In The Basel Problem we saw that Euler answered the question by showing that the sum of the reciprocals of the square numbers is equal to \(\pi^2/6\).

That is

\(\displaystyle \sum_{n=1}^\infty \frac {1}{n^2} = 1 + \frac{1}{2^2} + \frac{1}{3^2} + \frac{1}{4^2} + \frac{1}{5^2} + … = \frac{\pi^2}{6} \)

The partial sums slowly converge to the limit of \(1.644 934 066 …\).

It was a remarkable proof that utilised the Taylor/Maclaurin series of the sine function, hence the appearance of \(\pi\).

\(\displaystyle \sin(x) \approx x-\frac{x^3}{3!} + \frac{x^5}{5!}-\frac{x^7}{7!} + …\)

Two years later, in \(1737\), Euler published a paper proving that this infinite sum over all the natural numbers, \(\Bbb N\), is equal to an infinite product over all the prime numbers, \(\Bbb P\).

This is the first key to the riddle of the primes.

Once again Euler shows his dexterity, this time by using the sieve of Eratosthenes.

We have :\(\displaystyle \frac{\pi^2}{6} = 1 + \frac{1}{2^2} + \frac{1}{3^2} + \frac{1}{4^2} + \frac{1}{5^2} + \frac{1}{6^2} + \frac{1}{7^2} + …\)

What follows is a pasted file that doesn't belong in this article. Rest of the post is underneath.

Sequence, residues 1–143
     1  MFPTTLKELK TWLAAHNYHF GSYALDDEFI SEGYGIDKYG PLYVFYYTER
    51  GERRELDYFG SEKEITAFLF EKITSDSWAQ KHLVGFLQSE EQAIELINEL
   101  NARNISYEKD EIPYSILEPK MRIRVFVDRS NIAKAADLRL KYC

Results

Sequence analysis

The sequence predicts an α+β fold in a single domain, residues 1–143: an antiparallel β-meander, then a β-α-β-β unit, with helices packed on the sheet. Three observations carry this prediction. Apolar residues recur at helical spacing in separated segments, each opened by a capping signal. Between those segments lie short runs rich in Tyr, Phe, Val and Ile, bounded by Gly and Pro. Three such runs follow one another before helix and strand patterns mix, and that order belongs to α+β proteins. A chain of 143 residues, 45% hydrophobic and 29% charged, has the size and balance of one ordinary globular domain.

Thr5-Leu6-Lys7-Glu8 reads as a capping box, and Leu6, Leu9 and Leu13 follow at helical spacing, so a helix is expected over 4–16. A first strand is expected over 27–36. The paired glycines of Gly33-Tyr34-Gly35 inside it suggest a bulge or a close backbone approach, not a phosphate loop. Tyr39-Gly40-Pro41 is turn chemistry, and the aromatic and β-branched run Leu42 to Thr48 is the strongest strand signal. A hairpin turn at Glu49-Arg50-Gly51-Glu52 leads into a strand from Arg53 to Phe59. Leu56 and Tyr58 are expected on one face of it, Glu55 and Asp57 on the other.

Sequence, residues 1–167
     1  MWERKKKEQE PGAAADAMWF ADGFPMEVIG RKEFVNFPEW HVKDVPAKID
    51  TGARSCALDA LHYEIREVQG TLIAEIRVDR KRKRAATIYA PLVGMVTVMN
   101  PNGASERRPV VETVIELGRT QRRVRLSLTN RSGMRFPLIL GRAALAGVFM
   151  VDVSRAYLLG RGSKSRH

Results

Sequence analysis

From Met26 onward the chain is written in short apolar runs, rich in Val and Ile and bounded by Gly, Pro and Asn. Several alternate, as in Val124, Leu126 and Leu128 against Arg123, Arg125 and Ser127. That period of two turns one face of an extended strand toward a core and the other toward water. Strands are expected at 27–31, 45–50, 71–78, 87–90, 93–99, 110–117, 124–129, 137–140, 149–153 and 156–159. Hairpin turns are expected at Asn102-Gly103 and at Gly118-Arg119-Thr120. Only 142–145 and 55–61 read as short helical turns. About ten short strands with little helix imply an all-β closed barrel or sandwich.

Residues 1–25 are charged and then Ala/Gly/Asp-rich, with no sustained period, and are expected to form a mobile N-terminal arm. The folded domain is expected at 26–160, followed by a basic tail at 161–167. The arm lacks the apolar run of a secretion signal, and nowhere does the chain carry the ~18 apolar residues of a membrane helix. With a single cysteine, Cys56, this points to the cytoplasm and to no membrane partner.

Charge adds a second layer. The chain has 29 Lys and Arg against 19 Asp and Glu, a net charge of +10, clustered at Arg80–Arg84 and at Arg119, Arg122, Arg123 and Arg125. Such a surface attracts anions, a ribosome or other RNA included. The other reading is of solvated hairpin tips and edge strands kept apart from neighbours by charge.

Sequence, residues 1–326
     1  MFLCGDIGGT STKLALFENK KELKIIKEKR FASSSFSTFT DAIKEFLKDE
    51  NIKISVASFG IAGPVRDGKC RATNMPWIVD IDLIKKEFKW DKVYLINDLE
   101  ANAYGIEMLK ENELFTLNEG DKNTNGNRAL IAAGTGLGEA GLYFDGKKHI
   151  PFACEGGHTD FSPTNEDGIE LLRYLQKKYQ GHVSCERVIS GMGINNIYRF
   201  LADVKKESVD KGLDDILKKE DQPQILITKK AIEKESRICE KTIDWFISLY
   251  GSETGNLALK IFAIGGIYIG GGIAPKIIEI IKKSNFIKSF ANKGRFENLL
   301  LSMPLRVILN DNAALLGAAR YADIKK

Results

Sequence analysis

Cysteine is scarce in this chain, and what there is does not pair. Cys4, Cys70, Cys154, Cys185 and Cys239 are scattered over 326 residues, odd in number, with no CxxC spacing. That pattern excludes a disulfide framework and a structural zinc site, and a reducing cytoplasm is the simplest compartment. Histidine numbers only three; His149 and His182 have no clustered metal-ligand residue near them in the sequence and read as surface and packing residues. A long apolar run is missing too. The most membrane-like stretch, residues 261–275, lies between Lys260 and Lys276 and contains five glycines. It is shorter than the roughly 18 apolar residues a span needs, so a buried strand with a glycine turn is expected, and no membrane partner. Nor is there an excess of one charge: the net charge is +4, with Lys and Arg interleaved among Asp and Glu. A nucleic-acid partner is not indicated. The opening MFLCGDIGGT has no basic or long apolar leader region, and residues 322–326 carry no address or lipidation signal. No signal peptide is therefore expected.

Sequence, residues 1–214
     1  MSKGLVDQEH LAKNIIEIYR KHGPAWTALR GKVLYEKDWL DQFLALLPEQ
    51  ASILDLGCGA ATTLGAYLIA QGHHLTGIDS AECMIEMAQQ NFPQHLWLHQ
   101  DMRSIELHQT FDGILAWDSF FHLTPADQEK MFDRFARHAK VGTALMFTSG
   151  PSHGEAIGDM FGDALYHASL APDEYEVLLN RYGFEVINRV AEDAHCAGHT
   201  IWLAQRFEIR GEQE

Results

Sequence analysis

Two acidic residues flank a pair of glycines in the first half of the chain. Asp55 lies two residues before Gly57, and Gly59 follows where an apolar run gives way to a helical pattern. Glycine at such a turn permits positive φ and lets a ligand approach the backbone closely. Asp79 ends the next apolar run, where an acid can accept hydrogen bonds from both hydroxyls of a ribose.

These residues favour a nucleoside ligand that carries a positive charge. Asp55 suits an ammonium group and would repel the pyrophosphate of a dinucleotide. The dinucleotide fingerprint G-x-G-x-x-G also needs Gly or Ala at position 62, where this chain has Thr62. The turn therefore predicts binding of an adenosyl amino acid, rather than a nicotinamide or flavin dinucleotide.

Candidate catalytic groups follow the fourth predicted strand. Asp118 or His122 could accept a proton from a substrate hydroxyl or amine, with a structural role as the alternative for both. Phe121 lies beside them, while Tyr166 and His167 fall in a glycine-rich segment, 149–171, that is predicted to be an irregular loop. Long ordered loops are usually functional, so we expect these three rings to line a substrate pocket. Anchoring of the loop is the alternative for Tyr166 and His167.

Multiply both sides by \(1/2^2\) :

\(\displaystyle \frac{\pi^2}{6}\cdot\frac{1}{2^2} = \frac{1}{2^2} + \frac{1}{4^2} + \frac{1}{6^2} + \frac{1}{8^2} + \frac{1}{10^2} + \frac{1}{12^2} + \frac{1}{14^2} + …\)

Subtract the second equation from the first equation:

LHS :

\(\displaystyle \frac{\pi^2}{6}-\frac{\pi^2}{6}\cdot\frac{1}{2^2} = \frac{\pi^2}{6}\left(1-\frac{1}{2^2}\right)\)

RHS :

\(\displaystyle \left(1 + \frac{1}{2^2} + \frac{1}{3^2} + \frac{1}{4^2} + \frac{1}{5^2} + …\right)-\left(\frac{1}{2^2} + \frac{1}{4^2} + \frac{1}{6^2} + \frac{1}{8^2} + \frac{1}{10^2} + … \right) \)

\(\displaystyle = 1 + \frac{1}{3^2} + \frac{1}{5^2} + \frac{1}{7^2} + \frac{1}{9^2} + \frac{1}{11^2} + \frac{1}{13^2} + …\)

Thus :

\(\displaystyle \frac{\pi^2}{6}\left(1-\frac{1}{2^2}\right) = 1 + \frac{1}{3^2} + \frac{1}{5^2} + \frac{1}{7^2} + \frac{1}{9^2} + \frac{1}{11^2} + \frac{1}{13^2} + …\)

We repeat these two steps for all the prime numbers :

\(\displaystyle \frac{\pi^2}{6}\left(1-\frac{1}{2^2}\right)\left(1-\frac{1}{3^2}\right)\left(1-\frac{1}{5^2}\right)\left(1-\frac{1}{7^2}\right) … = 1 \)

The RHS has been sieved; the primes are on the LHS and the multiples of primes have disappeared.

Solving for \(\pi^2/6\) gives :

\(\displaystyle \frac{\pi^2}{6} = \frac{1}{\left(1-\frac{1}{2^2}\right)\left(1-\frac{1}{3^2}\right)\left(1-\frac{1}{5^2}\right)\left(1-\frac{1}{7^2}\right) …}\)

This is **the** Euler product (there are others).

We write it as :

\( \bbox[15px,border:2px solid black]

{

\displaystyle

\sum_{n=1}^\infty \frac{1}{n^2} = \frac{\pi^2}{6} = \prod_p \frac{1}{\left(1-\frac{1}{p^2}\right)}

}

\)

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